White House chief of staff: Durbin-Graham bill wasn't inclusive enough
Posted January 17, 2018 12:32 p.m. EST
(CNN) — White House chief of staff John Kelly on Wednesday defended the President's rejection last week of a bipartisan Senate immigration bill, saying it wasn't as inclusive as the President asked for.
Speaking to reporters in the Capitol in between four back-to-back meetings on the issue with lawmakers, Kelly declined to answer whether he and staff had misguided the President, as Sens. Dick Durbin, an Illinois Democrat, and Lindsey Graham, a South Carolina Republican, alleged after their proposal was rejected.
"That deal that came over was supposed to be two things: bipartisan and both sides of the Hill," Kelly said. "And it was bipartisan in the sense that there were several Democratic and Republican senators, but there were a number of other senators that had been involved in this from the beginning, (Sens. Tom) Cotton and (David) Perdue is an example, (Thom) Tillis from North Carolina, that were not consulted. And the House was not consulted at all."
Durbin and Graham crafted the bill with two other Republicans, Sens. Jeff Flake and Cory Gardner, and Democrats Sens. Michael Bennet and Robert Menendez. Tillis and Republican Sen. James Lankford had been meeting with the group but were not included in meetings after the new year over perceptions about lacking a sense of urgency. Cotton and Perdue are supporters of a hardline proposal to slash legal immigration supported by President Donald Trump.
Kelly said that in the meeting, where the President made the now-infamous "shithole countries" comment, Trump's sense was the Durbin-Graham bill "fell short."
"His sense was, two things. It fell short of certainly what he was looking for based on the Thursday conversation and other conversations," Kelly said. "But more to the point, it did not include all of the senators that have been involved in all of the discussions about DACA and certainly did not involve the House. And the President has said from the beginning, it's got to be bipartisan and unless it involves the House as well as the Senate, it's going to go down again as a bill that does not pass into law."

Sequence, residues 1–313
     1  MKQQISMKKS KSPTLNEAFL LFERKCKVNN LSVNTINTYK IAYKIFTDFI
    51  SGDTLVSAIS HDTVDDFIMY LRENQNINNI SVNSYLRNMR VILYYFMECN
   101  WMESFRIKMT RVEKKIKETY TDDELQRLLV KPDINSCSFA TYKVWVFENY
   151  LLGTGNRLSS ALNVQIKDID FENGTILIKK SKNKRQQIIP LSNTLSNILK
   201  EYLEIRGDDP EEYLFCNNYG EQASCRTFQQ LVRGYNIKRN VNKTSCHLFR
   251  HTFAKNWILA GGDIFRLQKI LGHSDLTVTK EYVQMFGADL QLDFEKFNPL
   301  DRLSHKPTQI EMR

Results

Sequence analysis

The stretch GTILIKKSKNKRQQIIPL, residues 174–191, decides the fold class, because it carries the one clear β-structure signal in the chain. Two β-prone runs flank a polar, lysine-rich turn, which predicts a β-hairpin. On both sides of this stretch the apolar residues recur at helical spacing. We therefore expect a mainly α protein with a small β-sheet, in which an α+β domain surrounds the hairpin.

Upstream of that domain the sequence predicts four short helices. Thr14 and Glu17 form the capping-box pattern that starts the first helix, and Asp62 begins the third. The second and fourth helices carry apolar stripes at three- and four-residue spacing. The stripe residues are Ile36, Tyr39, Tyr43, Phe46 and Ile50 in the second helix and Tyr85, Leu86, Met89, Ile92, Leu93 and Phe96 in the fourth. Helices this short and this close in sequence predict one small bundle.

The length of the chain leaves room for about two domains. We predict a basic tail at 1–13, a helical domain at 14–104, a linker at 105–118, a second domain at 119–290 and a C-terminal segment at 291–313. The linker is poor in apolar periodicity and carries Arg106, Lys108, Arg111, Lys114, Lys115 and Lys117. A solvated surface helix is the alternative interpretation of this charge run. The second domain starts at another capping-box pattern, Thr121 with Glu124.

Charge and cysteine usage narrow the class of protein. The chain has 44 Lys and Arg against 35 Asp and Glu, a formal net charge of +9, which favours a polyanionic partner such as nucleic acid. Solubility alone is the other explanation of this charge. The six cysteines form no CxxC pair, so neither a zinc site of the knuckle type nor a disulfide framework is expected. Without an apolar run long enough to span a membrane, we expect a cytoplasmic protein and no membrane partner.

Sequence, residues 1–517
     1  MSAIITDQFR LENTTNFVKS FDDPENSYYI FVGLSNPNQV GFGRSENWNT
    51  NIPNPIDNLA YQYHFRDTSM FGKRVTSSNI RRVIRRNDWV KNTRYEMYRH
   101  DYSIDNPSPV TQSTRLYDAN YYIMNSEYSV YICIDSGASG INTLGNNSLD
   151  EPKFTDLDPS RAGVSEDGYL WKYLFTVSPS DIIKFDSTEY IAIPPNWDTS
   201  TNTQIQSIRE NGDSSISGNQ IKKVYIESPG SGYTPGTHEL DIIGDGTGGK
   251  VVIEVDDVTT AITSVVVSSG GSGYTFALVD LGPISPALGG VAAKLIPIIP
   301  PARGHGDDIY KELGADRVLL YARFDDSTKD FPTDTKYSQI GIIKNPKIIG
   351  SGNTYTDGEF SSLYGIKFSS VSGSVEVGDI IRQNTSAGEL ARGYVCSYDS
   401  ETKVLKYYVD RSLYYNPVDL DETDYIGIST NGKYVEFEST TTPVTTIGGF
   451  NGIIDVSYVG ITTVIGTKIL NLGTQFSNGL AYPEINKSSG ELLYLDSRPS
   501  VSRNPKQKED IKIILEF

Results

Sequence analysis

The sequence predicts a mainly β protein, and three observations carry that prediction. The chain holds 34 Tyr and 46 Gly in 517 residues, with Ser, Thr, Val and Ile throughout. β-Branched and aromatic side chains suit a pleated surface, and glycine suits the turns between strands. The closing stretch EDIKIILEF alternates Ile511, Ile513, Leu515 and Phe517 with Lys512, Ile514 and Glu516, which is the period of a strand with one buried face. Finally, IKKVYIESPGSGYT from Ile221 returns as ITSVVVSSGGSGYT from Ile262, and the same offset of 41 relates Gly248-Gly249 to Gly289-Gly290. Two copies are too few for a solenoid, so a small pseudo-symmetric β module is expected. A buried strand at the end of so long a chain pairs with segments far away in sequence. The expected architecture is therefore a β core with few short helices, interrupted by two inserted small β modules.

Kelly did not address the vulgar comments controversy, but one of the lawmakers Kelly met with, Florida Republican Rep. Carlos Curbelo, said in their moderate Republican meeting it came up "briefly" and it was acknowledged that "foul language" was used by multiple people at that meeting.
Kelly said Trump still wants a fix for the expiring Deferred Action for Childhood Arrivals policy, saying the termination of it "intentionally" left six months before its end, "so that there could be plenty of time for the United States Congress to actually talk to each other, both sides of the aisle, both sides of the Hill, talk to the White House, which they've done, and then actually come up with a bill that will pass both houses."
Kelly indicated that the President would want to protect current DACA recipients, and Curbelo said he was "very confident" that the President would accept including a path to citizenship after his meeting.
"The President that I work for wants 700,000 or so DACA recipients, the vast majority of whom are now adults, to have a way to stay in the United States legally," Kelly said. "He wants that. That's a given. But what we cannot have is a unprotected, unsecured southwest border that five, six, seven years from now, we have another group of 600 or 700,000 DACA people."
Kelly met on Wednesday with the Congressional Hispanic Caucus, followed by five moderate Republicans, followed by two leaders of the conservative House Freedom Caucus and then went to meet with the bipartisan congressional No. 2's who are attempting to negotiate a deal.